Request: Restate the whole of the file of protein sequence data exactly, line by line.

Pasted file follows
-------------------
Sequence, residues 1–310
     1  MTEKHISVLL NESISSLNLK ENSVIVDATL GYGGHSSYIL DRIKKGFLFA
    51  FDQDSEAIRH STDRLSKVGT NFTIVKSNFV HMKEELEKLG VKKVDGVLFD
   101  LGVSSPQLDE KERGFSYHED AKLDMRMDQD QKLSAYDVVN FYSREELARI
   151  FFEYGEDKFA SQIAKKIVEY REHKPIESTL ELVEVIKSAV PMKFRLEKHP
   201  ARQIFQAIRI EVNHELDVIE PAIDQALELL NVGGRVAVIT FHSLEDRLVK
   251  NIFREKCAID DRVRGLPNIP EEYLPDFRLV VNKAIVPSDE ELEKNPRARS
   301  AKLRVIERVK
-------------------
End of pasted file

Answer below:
Sequence, residues 1–310
     1  MTEKHISVLL NESISSLNLK ENSVIVDATL GYGGHSSYIL DRIKKGFLFA
    51  FDQDSEAIRH STDRLSKVGT NFTIVKSNFV HMKEELEKLG VKKVDGVLFD
   101  LGVSSPQLDE KERGFSYHED AKLDMRMDQD QKLSAYDVVN FYSREELARI
   151  FFEYGEDKFA SQIAKKIVEY REHKPIESTL ELVEVIKSAV PMKFRLEKHP
   201  ARQIFQAIRI EVNHELDVIE PAIDQALELL NVGGRVAVIT FHSLEDRLVK
   251  NIFREKCAID DRVRGLPNIP EEYLPDFRLV VNKAIVPSDE ELEKNPRARS
   301  AKLRVIERVK